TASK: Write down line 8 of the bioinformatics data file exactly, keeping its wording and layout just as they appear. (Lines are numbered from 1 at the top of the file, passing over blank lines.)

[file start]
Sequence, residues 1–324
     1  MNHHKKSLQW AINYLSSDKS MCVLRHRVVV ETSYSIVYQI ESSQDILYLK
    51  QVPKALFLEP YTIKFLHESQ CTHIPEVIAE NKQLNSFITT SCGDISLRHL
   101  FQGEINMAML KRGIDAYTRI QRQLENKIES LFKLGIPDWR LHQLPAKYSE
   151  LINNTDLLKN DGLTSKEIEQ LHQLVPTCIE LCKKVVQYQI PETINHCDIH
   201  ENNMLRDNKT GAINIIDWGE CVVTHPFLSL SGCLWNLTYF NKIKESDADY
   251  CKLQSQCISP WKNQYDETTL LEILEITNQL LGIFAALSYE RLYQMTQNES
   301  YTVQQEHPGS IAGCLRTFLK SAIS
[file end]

   301  YTVQQEHPGS IAGCLRTFLK SAIS